National tsunami preparations an absolute priority for Indian Ocean tsunami warning systemCountries in the Indian Ocean must give priority to helping coastal communities to protect themselves in case of a tsunami warning, delegates were told at the 3rd meeting of the Intergovernmental Coordination Group for the Indian Ocean Tsunami Warning and Mitigation System, which opened here today.
“An earthquake that occurs close to a coastline can produce a tsunami that reaches the shore within minutes, before any official warning can be issued,” said Patricio Bernal, Executive Secretary of UNESCO’s Intergovernmental Oceanographic Commission, which organized the meeting.
“There will be no time for confirmation from sea-level stations, and the authorities in charge of activating mitigation measures will confront the worst case scenario: having to act in few minutes with incomplete information,” he added.
The meeting takes places just two weeks after the tsunami in eastern Java that killed several hundred people, and left tens of thousands homeless. That tragic event, said Mr Bernal, highlighted the urgency of improving national and local tsunami warning and response capacities.
Although a great deal of progress has been made on the establishment of the system, which is now capable of providing information on earthquakes and tsunamis in real time, many of the 28 countries in the region still do not have in place the capacity to transmit that information to coastal communities quickly.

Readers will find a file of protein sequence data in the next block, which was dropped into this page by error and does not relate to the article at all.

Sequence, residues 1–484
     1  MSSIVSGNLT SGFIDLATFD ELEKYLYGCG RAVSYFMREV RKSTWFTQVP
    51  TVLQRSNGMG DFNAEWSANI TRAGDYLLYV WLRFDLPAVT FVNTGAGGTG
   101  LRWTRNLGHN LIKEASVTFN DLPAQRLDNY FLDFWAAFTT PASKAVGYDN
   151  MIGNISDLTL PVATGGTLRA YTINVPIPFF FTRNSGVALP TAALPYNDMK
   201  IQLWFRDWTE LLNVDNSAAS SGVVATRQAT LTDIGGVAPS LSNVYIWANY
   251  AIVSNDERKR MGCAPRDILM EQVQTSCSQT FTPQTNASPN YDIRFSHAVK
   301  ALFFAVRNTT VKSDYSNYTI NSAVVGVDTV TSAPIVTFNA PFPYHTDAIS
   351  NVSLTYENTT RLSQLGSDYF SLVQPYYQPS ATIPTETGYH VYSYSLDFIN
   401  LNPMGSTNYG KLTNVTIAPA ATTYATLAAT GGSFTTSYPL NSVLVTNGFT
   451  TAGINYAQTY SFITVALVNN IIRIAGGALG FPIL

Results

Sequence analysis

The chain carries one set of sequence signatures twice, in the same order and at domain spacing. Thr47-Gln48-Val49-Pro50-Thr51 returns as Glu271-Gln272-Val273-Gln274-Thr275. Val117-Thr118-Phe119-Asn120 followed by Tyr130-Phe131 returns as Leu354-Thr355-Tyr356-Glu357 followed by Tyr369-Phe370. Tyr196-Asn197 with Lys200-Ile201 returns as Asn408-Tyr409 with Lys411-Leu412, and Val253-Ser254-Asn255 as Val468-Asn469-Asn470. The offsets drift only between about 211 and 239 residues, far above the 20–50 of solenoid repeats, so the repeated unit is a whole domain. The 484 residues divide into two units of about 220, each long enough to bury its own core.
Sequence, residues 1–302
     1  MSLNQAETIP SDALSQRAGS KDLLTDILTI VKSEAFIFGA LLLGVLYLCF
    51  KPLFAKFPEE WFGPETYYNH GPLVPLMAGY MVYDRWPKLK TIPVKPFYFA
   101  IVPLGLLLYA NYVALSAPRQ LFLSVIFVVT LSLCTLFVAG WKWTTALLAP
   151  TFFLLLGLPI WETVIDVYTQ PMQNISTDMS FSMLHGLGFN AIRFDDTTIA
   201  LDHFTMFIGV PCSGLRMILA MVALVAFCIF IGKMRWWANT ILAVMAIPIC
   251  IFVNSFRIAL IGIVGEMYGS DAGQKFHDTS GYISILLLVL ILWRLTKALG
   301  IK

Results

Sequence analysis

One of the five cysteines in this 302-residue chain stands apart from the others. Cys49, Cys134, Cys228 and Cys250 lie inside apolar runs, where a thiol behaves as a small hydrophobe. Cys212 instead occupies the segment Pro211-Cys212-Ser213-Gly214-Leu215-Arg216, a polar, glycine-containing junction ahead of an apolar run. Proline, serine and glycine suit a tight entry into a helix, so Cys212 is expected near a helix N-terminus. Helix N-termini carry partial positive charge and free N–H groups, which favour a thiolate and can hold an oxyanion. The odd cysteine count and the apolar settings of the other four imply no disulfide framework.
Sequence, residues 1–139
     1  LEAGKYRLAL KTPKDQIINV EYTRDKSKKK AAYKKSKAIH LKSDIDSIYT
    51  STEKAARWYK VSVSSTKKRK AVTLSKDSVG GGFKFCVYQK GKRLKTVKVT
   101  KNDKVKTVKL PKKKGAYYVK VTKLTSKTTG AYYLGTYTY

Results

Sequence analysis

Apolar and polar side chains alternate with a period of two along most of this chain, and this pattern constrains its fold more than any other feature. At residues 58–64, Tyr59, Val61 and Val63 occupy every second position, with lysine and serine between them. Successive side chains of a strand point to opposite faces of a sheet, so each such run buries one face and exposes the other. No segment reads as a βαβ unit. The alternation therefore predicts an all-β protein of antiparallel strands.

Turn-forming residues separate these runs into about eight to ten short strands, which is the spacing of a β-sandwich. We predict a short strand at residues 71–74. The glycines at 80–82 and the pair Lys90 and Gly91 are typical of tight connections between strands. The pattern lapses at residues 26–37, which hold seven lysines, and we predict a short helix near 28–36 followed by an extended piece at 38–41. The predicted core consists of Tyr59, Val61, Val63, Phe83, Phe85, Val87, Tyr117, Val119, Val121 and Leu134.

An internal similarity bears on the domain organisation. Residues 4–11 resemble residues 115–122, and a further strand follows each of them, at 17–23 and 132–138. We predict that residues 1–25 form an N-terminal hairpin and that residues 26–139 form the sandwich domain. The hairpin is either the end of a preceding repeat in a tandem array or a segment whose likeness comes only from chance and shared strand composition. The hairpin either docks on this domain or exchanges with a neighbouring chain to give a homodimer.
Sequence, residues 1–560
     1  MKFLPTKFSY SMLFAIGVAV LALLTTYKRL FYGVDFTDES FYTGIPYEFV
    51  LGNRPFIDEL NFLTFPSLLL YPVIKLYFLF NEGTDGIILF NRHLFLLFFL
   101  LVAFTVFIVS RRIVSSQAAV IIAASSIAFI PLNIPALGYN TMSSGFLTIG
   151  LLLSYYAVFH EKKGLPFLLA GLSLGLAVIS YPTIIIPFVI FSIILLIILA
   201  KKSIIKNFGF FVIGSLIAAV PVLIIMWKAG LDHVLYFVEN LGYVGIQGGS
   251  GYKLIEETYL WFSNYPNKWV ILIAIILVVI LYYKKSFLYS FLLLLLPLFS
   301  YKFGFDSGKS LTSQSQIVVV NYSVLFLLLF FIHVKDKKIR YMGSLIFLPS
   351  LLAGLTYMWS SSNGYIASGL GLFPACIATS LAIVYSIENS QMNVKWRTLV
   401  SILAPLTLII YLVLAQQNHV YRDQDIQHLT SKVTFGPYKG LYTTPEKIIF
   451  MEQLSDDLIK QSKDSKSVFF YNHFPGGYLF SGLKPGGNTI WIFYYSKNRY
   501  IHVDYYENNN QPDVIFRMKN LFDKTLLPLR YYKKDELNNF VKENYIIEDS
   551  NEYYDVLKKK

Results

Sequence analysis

Mr Bernal’s comments were echoed by UN Special Envoy for Tsunami Recovery, former U.S. President Bill Clinton. In a message to the meeting, Mr Clinton pointed to the challenge of addressing “the last mile of the warning systems at the national level”.
“Public awareness, education and community preparedness are crucial in making sure that warning systems are effective,” Mr Clinton said.
Indonesia’s Minister of Science and Technology, Kusmayanto Kadiman, also emphasized the importance of building national response systems to tsunamis to ensure that the “right information arrives at the right place in the right time.” Mr Kadiman urged countries of the region to use all possible means to achieve this, including loudspeakers in mosques and community bells where they existed. High technology alone could not provide all the answers he said, especially in isolated coastal areas.
Achieving this has now become the top priority for the Intergovernmental Coordination Group, which, over the next two days will to examine ways of reaching this goal.
By December 2005, the system included 24 out of a possible 28 operating national Tsunami Information Centers, capable of receiving and distributing Tsunami Advisories around the clock, from Tokyo (the Japan Meteorological Agency) and Hawaii (the Pacific Tsunami Warning Center). The centres have been tested several times through communication drills.
The system also has an improved seismographic network of 25 new stations linked in real time to centres of analysis and a real-time sea-level network of 23 new stations.
There are also three Deep-ocean Assessment and Reporting of Tsunamis (DART) sensors being tested – one deployed by Malaysia and two by Germany. To this we should add the data from the seismographic stations contributed by the Commission for the Nuclear-Test Ban Treaty Organization (CTBTO).
The Intergovernmental Coordination Group includes representatives from each of the Indian Ocean countries. It oversees the establishment of the Indian Ocean Tsunami Warning and Mitigation System. UNESCO’s Intergovernmental Oceanographic Commission provides the Secretariat for the System.